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OUR gets contractor general support on EWI licence delay

Friday, March 07, 2014    

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THE contractor general yesterday said it supported a decision by the Office of Utilities Regulation (OUR) not to recommend a licence, at this time, for Energy World International (EWI), the company selected to build a 360-megawatt power plant to supply the national grid.

Hong Kong-based EWI, which was selected after the first preferred bidder, Azurest, was unable to satisfy the initial requirements, has failed to supply additional documentation required to secure the contract.

Consequently, the OUR has not recommended that the minister issue a licence to the company, which was allowed into the bid process under controversial circumstances.

In a statement yesterday, the Office of the Contractor General (OCG) said it was keenly monitoring the execution of the project, which is currently being undertaken by the Government of Jamaica through the OUR.

"The OCG is cognisant of the value and importance of the successful completion of this project and its implications for national development. In this regard, the OCG remains committed to providing the necessary scrutiny and oversight in accordance with its mandate, to ensure that, as best as possible, the process undertaken is void of irregularity and impropriety and adheres to the principle of value for money," Contractor General Dirk Harrison said.

He said as a result, the OCG "commends the direction now being pursued by the current director general of the OUR, Albert Gordon, specifically with respect to the decision taken by the OUR to request and await from EWI, documents critical to the progress of the project".

At the same time, the OCG expressed concern that its request for EWI to produce audited financial statements, dating back three years, is yet to be met.

"Instructively, the OCG notes that by way of letter, which was dated January 31, 2014, the OCG wrote to the OUR and made reference to the instructions for final proposals, dated May 27, 2013, in which it was a requirement that all bidders submit audited financial statements for the past three years, supported by the parent entity's or equity partner's audited financial statements," said the contractor general.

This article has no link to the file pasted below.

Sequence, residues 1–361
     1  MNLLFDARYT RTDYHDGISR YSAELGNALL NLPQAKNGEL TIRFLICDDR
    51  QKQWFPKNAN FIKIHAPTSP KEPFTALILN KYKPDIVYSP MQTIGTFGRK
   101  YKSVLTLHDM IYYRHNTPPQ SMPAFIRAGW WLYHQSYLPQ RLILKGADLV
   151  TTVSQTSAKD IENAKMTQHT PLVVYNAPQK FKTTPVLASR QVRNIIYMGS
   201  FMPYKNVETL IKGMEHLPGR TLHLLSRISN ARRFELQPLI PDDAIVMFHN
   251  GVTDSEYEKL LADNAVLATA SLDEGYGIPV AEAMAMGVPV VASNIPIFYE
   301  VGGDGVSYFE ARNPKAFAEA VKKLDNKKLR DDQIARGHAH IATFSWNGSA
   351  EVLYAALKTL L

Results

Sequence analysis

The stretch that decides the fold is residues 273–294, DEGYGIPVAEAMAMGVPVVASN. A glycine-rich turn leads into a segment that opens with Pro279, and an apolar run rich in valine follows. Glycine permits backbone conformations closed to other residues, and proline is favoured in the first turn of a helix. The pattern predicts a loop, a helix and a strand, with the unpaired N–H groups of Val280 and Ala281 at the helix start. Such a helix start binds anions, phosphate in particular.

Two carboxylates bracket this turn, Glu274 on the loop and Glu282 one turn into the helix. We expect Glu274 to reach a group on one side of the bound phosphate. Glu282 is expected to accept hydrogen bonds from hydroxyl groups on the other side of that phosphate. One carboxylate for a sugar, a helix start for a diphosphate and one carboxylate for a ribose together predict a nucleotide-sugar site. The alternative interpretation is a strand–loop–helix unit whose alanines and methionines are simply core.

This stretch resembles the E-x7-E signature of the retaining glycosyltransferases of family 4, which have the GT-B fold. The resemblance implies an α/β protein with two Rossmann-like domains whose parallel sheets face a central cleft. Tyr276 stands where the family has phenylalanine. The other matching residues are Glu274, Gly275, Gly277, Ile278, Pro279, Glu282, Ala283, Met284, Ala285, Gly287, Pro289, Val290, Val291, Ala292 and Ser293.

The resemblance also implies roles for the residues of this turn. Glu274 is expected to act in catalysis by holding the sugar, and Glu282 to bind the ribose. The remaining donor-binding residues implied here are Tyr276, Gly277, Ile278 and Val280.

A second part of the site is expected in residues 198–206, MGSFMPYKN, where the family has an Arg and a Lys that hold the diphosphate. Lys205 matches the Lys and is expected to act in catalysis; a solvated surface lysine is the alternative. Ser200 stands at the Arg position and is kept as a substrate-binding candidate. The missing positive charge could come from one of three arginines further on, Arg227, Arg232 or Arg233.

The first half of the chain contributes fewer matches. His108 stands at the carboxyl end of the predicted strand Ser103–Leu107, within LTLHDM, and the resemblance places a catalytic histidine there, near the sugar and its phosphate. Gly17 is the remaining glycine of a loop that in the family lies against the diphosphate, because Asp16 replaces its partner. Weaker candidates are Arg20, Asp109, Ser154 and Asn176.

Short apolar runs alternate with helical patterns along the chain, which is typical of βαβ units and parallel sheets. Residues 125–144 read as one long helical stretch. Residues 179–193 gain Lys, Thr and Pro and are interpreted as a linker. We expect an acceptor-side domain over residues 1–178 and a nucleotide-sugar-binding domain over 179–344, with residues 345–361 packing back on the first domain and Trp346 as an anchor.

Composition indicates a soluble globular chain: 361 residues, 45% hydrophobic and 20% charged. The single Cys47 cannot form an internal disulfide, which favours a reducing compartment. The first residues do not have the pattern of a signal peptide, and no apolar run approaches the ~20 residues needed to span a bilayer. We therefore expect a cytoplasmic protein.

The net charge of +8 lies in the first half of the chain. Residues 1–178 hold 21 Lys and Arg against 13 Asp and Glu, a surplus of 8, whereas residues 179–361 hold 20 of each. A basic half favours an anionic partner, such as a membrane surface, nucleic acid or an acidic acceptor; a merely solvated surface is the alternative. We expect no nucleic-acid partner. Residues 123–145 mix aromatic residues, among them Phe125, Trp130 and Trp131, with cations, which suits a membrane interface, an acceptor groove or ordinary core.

"In the foregoing regard, the OCG cautions that this apparent delay on the part of EWI has serious implications for the due diligence process currently being undertaken by the OUR and, by extension, the timely and successful execution of the project," Harrison stated.

He added that the long-term fiscal implications cannot be ignored, as the OUR acts, not on its own behalf but on that of the people of Jamaica, who will ultimately bear all expenses related to this critical and necessary undertaking.

"It is on this premise that the OCG commends the OUR and supports the stance taken in not providing a recommendation to the minister of science, technology, energy and mining, for the issuance of a licence to supply electricity generating capacity to the Jamaica Public Service (JPS), until the EWI has fulfilled its obligations in providing the relevant documentation required as a part of the due diligence exercise," Harrison added.

Meanwhile, the OCG said it has, since September 2013, concluded five special investigations, all of which have been prepared and submitted to Parliament. The reports included the energy supply project, the complaint regarding the award of contract(s) to construct/repair and rent shops at the Spalding Market; contracts awarded to contractors allegedly selected by Government member of parliament Derrick Kellier in February 2014; allegations regarding the contract termination and award practices at the National Solid Waste Management Authority in February 2014; and the circumstances surrounding the entering into of an agreement for the operation of the Braco Resort Hotel (formerly Breezes Rio Bueno, Trelawny) between the commissioner of lands (by virtue of trust on behalf of National Insurance Fund), the accountant general and Blue Diamond Hotels and Resorts in February 2014.

The OCG currently monitors, on a sustained basis, approximately 988 Government of Jamaica contracts, 618 of which are non-construction contracts and 370 which are construction-related.

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